Predicted Heat Strain (PHS) model and the sweat loss in an extremely hot climate

Research output: Contribution to conferenceAbstract

Abstract

Introduction: The aim was to study if the evaporative water loss can be predicted enough accurately for hydration recommendations by ISO 7933 – Predicted Heat Strain (PHS) model during a student laboratory exercise in an extremely hot environment.

Method: Twelve young healthy students (8 males and 4 females), unacclimatized to heat, were exposed in a climatic chamber at 50˚C, 30% relative humidity and 0.4 m·s-1 air velocity for 45 minutes. They had a mean (SD) age of 25.1 (2.6) years, height 175.6 (6.9) cm, weight 72.3 (11.0) kg, VO2max 54.9 (6.5) mL·min-1·kg-1, and HRmax 194 (6) bpm. The men and women performed bicycling for 6-minutes at workloads of 150 and 100 Watts (W), when the metabolic rates (M) calculated found 363 and 290 W·m-2, respectively. Moreover, the students did step test at 60 steps·min-1 for 5-minutes with estimated M being 215 W·m-2. They were standing most of the time (34 min) (M = 80 W·m-2). Time weighted average M for males and females were 133 and 123 W·m-2, respectively, for the whole exposure duration. Clothing insulation, Icl = 0.4 clo and moisture permeability index, im = 0.42 were input to PHS model simulation. The actual water loss by evaporation was determined by subject’s dressed body weight difference before and after exposure.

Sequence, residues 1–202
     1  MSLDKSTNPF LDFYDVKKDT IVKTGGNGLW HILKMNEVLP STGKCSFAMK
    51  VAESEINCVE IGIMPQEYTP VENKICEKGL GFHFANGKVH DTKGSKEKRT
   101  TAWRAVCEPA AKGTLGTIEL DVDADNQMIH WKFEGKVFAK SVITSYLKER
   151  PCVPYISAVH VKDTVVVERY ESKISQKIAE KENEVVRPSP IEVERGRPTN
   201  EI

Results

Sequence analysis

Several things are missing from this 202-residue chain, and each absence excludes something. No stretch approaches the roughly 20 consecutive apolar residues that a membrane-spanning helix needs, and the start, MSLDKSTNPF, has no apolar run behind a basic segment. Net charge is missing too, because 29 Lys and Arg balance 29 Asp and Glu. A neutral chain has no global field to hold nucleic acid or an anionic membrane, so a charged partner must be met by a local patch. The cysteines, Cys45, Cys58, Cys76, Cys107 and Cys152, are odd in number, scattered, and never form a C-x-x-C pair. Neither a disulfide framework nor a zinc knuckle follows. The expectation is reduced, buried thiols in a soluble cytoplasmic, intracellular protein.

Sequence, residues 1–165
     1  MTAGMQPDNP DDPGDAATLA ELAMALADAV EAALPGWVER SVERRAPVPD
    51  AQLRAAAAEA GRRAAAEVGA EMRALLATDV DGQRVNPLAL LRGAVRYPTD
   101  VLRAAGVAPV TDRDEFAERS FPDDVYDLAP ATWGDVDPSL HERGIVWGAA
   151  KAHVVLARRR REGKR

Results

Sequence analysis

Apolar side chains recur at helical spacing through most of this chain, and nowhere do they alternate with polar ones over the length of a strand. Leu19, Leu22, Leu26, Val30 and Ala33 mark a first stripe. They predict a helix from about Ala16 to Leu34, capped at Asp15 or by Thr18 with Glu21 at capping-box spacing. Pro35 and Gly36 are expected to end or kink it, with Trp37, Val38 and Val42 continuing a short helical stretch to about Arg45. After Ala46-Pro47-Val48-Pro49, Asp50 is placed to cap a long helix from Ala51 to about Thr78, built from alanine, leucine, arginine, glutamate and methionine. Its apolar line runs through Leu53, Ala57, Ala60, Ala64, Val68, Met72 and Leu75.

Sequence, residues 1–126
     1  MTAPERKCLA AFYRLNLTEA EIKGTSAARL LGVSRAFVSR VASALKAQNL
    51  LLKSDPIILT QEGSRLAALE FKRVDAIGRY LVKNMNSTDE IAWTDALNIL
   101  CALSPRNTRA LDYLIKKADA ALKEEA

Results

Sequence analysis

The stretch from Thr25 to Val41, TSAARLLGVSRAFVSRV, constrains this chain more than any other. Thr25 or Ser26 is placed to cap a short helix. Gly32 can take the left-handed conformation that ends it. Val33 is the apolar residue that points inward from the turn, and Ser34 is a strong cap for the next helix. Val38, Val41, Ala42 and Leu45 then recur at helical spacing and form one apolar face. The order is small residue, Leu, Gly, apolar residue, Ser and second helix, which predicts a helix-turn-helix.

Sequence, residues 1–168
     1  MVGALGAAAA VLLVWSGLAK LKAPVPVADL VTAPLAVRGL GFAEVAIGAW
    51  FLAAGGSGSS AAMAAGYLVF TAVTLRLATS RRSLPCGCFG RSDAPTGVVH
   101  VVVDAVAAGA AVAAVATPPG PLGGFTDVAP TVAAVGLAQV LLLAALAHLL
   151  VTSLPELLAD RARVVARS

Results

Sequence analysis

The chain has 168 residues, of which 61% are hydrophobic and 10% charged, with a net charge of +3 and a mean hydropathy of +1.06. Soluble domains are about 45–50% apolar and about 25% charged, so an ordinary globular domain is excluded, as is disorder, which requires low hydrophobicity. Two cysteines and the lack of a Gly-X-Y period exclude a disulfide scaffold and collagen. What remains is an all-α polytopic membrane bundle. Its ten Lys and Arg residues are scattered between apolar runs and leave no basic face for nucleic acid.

Results: The actual mean (SD) total water evaporated was 461.3 (176.7) g. The predicted total water loss was 427.4 (39.2) g by the PHS model. There was no significant (p = .514) difference between the actual and the predicted water loss. However, the original estimation of evaporative sweat was found only 270.1 g.

Conclusions: These results suggest that it is challenging to predict the water loss in continuous extreme heat exposure at 50˚C using ISO 7933 – PHS model. It should be used cautiously to predict the dehydration, and plan for drinking in extremely hot climates.

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Authors
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Research areas and keywords

Subject classification (UKÄ) – MANDATORY

  • Other Engineering and Technologies

Keywords

  • Water loss, sweat loss, Prediction models, Dehydration, Recommendation
Original languageEnglish
Publication statusPublished - 2019 Jul 11
Publication categoryResearch
Peer-reviewedYes
EventInternational Conference on Environmental Ergonomics 2019 - Amsterdam, Netherlands
Duration: 2019 Jul 72019 Jul 12

Conference

ConferenceInternational Conference on Environmental Ergonomics 2019
CountryNetherlands
CityAmsterdam
Period2019/07/072019/07/12